Goat producers trial drone mustering

Queensland livestock producer, Luke Chaplain is the founder of SkyKelpie. Credit: SkyKelpie.

Key points:

Trials are underway to explore the use of drones to locate and muster goats efficiently and cost-effectively on large-scale operations.

  • SkyKelpie is undertaking R&D with the aim of upscaling drone technology to make a commercial product for finding and moving livestock.
  • Trials have been undertaken at a range of livestock operations, including with Queensland goat producers, Natalie Curley and Aimie Licht.
  • SkyKelpie founder, Luke Chaplain, says current drone regulations regarding visual line-of-sight usage is creating a barrier to uptake of the technology.

Trials are underway to explore the use of drones to locate and muster goats efficiently and cost-effectively on large-scale operations, and as a broader on-farm management tool for the livestock industry.

Queensland livestock producer, Luke Chaplain of Malakoff Station, Cloncurry, is the founder of SkyKelpie, a research and development company that’s undertaking trials with the aim of upscaling the technology to make a commercial product for finding and moving livestock.

Luke said while some livestock producers are already mustering livestock using drones – also known as unmanned aerial vehicles (UAVs) – there is potential to explore commercial models that emulate traditional helicopter mustering in a more cost-effective and efficient way.

Through the trials, Luke is also looking to address future regulation changes to make UAVs more user-friendly for large-scale livestock operations.

“The use of drones in Australia is regulated by the Civil Aviation Safety Authority (CASA). It’s very complex to be able to fly a drone out of the visual line-of-sight, which is a barrier to the technology’s adoption on large-scale properties,” Luke said.

Luke is undertaking the trials with the support of MLA’s Supply Chain Technology Innovation Program and Queensland Department of Agriculture and Fisheries.

Luke is also a 2022 Nuffield Scholar and will be travelling to countries including the United States in 2023 to visit UAV manufacturers to look at emerging technologies and explore the various regulations in those jurisdictions.

Imagery from the drone taken during the drone mustering trials on Avington Station, near Blackall. Credit: SkyKelpie.

Goat mustering trials

Among the trials Luke has undertaken with the drone, is mustering goats with Queensland goat producers, Natalie Curley and Aimie Licht, on Avington Station, near Blackall in the State’s central west.

“We used a DJI M30T drone and applied the simple mustering principles of pressure and release in different ways to move the herd and it worked really well,” Luke said.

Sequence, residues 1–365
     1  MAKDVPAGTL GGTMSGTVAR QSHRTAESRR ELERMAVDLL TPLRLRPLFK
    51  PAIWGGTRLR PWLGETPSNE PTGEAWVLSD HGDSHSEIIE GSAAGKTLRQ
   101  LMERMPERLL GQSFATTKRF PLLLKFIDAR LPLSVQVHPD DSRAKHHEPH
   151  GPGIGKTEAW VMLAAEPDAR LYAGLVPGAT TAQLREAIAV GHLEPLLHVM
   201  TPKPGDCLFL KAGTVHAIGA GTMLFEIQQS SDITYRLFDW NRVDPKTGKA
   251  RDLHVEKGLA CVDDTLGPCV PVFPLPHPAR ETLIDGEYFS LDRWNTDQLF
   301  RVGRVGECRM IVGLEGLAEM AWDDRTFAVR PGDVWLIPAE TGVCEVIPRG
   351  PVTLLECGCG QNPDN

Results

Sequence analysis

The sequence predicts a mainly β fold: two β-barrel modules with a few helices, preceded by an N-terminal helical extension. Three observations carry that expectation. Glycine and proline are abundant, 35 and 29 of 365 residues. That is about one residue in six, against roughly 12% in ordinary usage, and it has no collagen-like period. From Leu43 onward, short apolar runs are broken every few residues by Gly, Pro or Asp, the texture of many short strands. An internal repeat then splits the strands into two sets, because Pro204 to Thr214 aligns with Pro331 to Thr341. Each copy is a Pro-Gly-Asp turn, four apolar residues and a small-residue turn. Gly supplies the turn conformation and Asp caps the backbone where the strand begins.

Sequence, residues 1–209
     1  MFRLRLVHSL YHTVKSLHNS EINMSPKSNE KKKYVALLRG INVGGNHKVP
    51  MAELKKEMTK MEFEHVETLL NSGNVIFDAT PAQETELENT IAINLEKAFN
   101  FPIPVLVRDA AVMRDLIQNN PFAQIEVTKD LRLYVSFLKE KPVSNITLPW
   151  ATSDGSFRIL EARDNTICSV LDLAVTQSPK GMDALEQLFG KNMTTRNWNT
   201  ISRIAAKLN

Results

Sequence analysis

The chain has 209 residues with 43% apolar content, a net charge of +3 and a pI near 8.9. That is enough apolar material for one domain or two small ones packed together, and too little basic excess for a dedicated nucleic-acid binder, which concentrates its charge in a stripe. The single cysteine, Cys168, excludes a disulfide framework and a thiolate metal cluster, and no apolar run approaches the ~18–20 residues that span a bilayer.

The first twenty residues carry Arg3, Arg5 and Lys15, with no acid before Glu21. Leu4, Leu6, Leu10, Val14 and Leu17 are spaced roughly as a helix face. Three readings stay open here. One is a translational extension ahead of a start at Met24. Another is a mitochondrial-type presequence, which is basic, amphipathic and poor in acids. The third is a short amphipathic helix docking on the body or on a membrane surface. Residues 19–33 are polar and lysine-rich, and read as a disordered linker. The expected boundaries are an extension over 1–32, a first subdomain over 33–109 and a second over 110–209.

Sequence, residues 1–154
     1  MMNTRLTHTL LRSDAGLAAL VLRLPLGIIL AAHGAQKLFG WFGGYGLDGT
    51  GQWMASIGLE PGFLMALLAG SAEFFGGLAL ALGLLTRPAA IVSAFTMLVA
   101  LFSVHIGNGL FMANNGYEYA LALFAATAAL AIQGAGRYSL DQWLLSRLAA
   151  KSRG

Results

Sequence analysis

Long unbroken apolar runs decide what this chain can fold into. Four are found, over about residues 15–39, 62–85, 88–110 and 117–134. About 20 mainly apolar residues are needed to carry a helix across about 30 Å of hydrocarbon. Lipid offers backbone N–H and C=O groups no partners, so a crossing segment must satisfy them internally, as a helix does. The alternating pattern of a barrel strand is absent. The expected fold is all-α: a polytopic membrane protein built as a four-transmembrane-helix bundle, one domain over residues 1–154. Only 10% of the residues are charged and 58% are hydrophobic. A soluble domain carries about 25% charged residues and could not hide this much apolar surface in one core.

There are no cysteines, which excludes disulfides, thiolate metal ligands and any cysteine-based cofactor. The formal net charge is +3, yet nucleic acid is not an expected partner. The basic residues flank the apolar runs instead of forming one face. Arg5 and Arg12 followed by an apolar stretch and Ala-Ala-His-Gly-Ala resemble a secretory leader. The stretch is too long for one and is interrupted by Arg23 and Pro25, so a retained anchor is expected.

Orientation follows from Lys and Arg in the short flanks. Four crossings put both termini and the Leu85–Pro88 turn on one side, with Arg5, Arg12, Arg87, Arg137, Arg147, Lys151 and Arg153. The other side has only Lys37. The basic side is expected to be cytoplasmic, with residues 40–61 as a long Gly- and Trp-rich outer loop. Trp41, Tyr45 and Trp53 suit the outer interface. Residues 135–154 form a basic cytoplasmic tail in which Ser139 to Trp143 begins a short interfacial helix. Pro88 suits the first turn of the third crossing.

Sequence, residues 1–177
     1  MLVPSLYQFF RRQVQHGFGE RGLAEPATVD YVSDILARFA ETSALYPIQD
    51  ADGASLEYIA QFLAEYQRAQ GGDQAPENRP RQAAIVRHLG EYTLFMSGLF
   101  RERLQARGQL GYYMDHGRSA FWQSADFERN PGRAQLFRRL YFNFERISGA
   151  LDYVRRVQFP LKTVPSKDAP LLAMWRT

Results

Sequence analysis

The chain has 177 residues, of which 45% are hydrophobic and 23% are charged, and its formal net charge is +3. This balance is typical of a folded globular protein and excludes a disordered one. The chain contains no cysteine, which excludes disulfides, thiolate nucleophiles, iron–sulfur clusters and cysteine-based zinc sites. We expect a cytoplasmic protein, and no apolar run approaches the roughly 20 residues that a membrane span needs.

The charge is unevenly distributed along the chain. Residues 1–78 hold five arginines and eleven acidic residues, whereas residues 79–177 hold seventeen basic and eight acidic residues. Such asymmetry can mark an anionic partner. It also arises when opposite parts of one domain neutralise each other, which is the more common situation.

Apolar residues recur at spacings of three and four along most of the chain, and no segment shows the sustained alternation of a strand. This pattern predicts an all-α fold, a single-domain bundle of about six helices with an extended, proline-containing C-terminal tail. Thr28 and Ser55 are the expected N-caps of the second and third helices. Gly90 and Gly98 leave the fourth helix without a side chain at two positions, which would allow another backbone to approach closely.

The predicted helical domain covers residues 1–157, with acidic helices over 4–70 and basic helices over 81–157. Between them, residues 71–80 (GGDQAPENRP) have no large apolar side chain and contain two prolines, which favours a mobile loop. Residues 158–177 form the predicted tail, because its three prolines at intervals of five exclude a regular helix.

“We think there’s going to be a range of other benefits associated with using the drone, particularly in terms of on-farm safety.

“Where Natalie and Aimie are located, a lot of gyrocopters are used by livestock producers, which can be even more dangerous than helicopters.

“During one of the trials, the lead goats ran out into timber, and it would have been dangerous with a motorbike trying to flush them out, but we managed to steer them out with the drone.”

Natalie and Aimie said they were impressed with the drone’s ability to muster the goats efficiently.

“The drone really helped flush out the goats from the brush and trees,” Aimie said.

“It allowed us to control the mob better, with less people and less stress.”

“None of the goats got into a gallop, and when we were moving them off the water, the drone gently moved them, so the nannies picked up their kids and walked off, preventing mismothering,” Natalie said.

“We use Kalahari Red genetics in our herd to improve the earlier turn off, when needed, while driving the value of our product on a commercial scale and improving our land management practices with numbers.”

During one of the trials, a speaker was attached to the drone to test its effectiveness.

“While the noise of the rotor blades and the presence of the drone is usually more than enough to move livestock, when you get into different situations, it’s an extra tool that could be used if needed,” Luke said.

“It’s a third-party speaker that’s compatible with the DJI, and you can upload any sounds you want. I have uploaded helicopter noise, my voice, and a dog barking.”

MLA investment

MLA Supply Chain Technology Innovation Program Manager, Darryl Heidke, said the R&D trials MLA is carrying out with SkyKelpie are now highlighting the specific use cases and value propositions of drones for red meat producers and how this technology may change the way livestock is mustered in the future.

“The added advantage of this aerial platform is that the drone could be used as a mobile data platform for gathering important data on water, livestock and pasture management while mustering to improve decisions on-farm,” Darryl said.

“The project will also provide practical insights for commercial application of technology on-farm and inform the risk and safety requirements, benefits of the solution and pathways to address Regulations – Landholder Rule (EVLOS, BVLOS).”

Watch videos of the drone mustering goats at Avington and Natalie and Aimie discussing the drone’s benefits.

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